The COVID-19 pandemic is continuing to disrupt societies. In South Africa it has caused millions to lose jobs and incomes. At the same time food prices have been going up, leaving more people food insecure. But the agricultural sector has also recorded bumper harvests and increased exports, creating an impression that farmers may be benefiting.
In my recent research paper I looked at the experiences of black fresh produce farmers in the country since the outbreak COVID-19 and the government’s responses.
The agricultural sector in South Africa continues to be dominated by a small number of large, still mostly white owned, farms and increasingly also by large agribusiness corporations. The limited role of black farmers is a result of years of land dispossession under apartheid and the failure of post-apartheid reforms to bring substantial change. It is estimated that just 7,000 farmers (almost all white) account for over 80% of the value of agricultural production, while around 2 million black households are involved in agriculture on small pieces of land without access to markets.
Giving particular attention to black farmers is, therefore, essential to address the continued high levels of wealth and race based inequalities. In addition, an approach to food production and distribution that is based on a granular understanding of black farmers and the networks they are part of is crucial given the urgent need for more black farmers to succeed in South Africa as part of the transformation of the agricultural sector.
My research provides a view of how market orientated black small- and medium-scale fresh produce farmers have been faring during the COVID-19 pandemic. The article was informed by in-depth field research with 40 farmers from October 2020 to June 2021. It is part of a three country study of the impact of COVID-19 on food systems.
While the focus was on farmers, taking a food system approach led the study to also consider input supplies, markets and the wider society. Of particular importance is the impact on food and nutrition security, livelihoods within the food system, and the wider challenges of inequality and poverty.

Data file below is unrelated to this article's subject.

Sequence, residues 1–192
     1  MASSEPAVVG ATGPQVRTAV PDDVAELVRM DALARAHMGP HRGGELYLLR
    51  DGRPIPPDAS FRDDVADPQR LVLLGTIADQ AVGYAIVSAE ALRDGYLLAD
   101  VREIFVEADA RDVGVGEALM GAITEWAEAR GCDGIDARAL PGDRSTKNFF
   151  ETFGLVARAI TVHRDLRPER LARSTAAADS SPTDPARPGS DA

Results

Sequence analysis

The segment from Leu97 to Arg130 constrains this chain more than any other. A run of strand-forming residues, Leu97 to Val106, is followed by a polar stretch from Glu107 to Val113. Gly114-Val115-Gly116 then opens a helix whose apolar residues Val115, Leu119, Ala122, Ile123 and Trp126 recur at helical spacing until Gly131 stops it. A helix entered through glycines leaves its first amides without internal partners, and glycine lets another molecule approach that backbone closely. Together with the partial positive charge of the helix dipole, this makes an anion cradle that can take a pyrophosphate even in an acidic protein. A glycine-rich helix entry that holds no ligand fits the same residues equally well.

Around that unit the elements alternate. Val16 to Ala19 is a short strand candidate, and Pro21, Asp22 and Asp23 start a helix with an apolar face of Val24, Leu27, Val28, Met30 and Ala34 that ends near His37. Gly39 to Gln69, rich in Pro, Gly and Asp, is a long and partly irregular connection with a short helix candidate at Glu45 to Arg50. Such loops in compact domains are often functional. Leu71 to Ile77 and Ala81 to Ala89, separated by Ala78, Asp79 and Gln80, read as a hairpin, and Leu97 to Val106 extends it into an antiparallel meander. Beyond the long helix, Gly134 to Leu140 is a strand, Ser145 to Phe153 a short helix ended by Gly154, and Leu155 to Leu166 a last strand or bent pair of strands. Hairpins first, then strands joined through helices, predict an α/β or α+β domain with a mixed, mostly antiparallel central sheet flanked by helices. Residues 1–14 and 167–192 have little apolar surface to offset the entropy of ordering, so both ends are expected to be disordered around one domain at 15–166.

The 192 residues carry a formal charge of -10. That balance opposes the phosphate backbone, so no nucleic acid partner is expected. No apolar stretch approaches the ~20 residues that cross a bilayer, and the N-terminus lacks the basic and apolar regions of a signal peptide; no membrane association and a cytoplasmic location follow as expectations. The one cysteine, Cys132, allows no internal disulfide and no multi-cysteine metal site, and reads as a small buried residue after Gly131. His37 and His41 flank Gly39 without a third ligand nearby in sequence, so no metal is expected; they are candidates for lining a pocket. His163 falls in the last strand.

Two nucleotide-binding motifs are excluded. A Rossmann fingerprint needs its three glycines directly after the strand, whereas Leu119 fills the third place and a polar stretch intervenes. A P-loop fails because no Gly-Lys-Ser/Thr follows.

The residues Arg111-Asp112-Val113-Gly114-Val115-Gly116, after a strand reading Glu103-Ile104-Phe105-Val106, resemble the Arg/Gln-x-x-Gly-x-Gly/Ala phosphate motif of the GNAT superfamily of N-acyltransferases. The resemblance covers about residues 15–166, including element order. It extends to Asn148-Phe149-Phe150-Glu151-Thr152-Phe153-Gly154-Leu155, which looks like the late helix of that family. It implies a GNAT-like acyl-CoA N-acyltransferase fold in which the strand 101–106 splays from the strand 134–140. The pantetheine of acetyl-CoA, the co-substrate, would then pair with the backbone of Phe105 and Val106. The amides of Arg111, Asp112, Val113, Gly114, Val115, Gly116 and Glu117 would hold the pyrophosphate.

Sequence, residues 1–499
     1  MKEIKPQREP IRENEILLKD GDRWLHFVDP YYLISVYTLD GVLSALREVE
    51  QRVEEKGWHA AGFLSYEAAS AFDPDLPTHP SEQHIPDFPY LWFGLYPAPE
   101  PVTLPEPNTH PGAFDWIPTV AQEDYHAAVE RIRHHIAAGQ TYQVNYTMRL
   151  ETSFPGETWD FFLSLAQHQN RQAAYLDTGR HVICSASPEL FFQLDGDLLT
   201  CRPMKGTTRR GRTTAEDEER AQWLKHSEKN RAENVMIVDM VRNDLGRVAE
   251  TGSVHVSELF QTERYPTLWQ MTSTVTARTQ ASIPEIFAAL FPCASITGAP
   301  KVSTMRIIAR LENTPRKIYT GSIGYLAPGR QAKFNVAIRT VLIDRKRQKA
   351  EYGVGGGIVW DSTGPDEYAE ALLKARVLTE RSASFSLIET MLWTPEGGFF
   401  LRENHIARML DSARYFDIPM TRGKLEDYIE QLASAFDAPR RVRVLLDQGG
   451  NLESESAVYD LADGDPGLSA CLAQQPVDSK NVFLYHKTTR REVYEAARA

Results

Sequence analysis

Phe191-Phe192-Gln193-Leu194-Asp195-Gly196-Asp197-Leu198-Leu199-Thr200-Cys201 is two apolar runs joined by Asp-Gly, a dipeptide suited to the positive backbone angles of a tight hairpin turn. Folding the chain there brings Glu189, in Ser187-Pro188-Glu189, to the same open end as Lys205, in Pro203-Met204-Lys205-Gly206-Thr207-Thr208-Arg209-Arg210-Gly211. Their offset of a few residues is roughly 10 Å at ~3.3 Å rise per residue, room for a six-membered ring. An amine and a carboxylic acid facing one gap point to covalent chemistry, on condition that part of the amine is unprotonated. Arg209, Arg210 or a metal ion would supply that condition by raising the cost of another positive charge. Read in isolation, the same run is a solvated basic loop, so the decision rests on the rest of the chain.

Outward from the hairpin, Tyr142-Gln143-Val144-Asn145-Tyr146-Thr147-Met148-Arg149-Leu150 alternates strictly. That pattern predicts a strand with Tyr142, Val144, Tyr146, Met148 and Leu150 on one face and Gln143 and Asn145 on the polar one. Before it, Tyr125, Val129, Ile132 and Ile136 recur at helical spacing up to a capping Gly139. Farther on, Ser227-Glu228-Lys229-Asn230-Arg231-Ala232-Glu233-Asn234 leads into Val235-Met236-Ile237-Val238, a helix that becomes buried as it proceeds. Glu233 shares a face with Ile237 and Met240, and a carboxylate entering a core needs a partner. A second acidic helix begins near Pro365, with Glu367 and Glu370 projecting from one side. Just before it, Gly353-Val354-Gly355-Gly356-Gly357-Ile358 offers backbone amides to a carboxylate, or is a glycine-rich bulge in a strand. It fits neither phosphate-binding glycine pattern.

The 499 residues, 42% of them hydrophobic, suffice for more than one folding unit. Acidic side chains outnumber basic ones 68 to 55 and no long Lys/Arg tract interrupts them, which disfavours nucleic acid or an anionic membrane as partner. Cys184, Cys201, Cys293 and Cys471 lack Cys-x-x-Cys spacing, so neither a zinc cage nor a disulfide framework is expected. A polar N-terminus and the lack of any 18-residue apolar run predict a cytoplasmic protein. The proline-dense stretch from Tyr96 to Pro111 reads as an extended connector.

Baseline information gathered on these farmers revealed important information about their operations pre-COVID-19.
Most of the farmers sold their produce to street or bakkie (pickup trucks) traders. They attested to these being the most important markets due to the good prices received in cash and normally with no transport costs to the farmer.
The next most important market type was the municipal fresh produce markets. Despite the transport costs and other constraints, even small-scale farmers from distant rural areas used these markets. Twelve of the farmers also sold to supermarket groups, mostly through arrangements with local branches.
The importance of communal land for black farmers was confirmed with 23 of the farmers relying on communal land and only five having private land they owned.
Eleven of the farmers were having to use land that they had no long-term security on, through arrangements such as short-term leases.
COVID-19 and the government interventions to respond to the pandemic had overwhelmingly negatively affected the farmers. Most experienced reduced demand as well as lower prices for their produce.
On the production side most had to contend with disruptions that included increased input prices, lack of access to some inputs, challenges to labour availability, and transport disruptions.
The results were reductions in income for 29 of the farmers with 21 reducing their volume of production. This led to job losses and six who completely stopped production at least temporarily.
The COVID-19 related effects acted in combination with the other vulnerabilities, challenges and shocks farmers already faced. Most lacked financial reserves, secure land rights and support structures that they could rely on to weather the storm.
Some farmers who had targeted niche high value markets, such as restaurants and hotels, lost these outlets. Others selling locally were negatively affected by the reduced buying power in poorer communities which bore the brunt of the economic crisis.
Weather events, such as cold spells and floods, damaged crops and the various COVID-19 challenges made it harder for some to cope.
How farmers coped
The farmers made various adjustments to cope with the situation.
Seven shifted to more local markets, such as selling to street traders and direct selling in their communities. This confirmed the importance of these markets – often referred to as “informal” – even when many had lost jobs and incomes in the communities served.
Significantly, especially in such a crisis situation, these forms of local market are also making fresh produce more accessible by selling at prices far below those of formal retail outlets. They also sell in small and flexible quantities that match people’s limited purchasing power and needs.
A number of farmers diversified their crops. Others reduced dependence on bought inputs by using more locally acquired manure and producing their own seedlings.
Important for greater resilience is having a diversity of crops and markets with less reliance on expensive inputs. This can be achieved through low external input agro-ecological production practices combined with enabling the existing local (“informal”) markets.
Land access and rights for productive farmers also has to be improved. The starting point should be to build on the successful practices of black farmers who are improving food accessibility and creating more economic opportunities and livelihoods.
The nature of farming makes it difficult to quickly change things like the crops grown in response to a crisis. This is one of the reasons why consistent government support for the sector is needed. Government must avert the danger of COVID-19 reinforcing existing inequalities in the sector.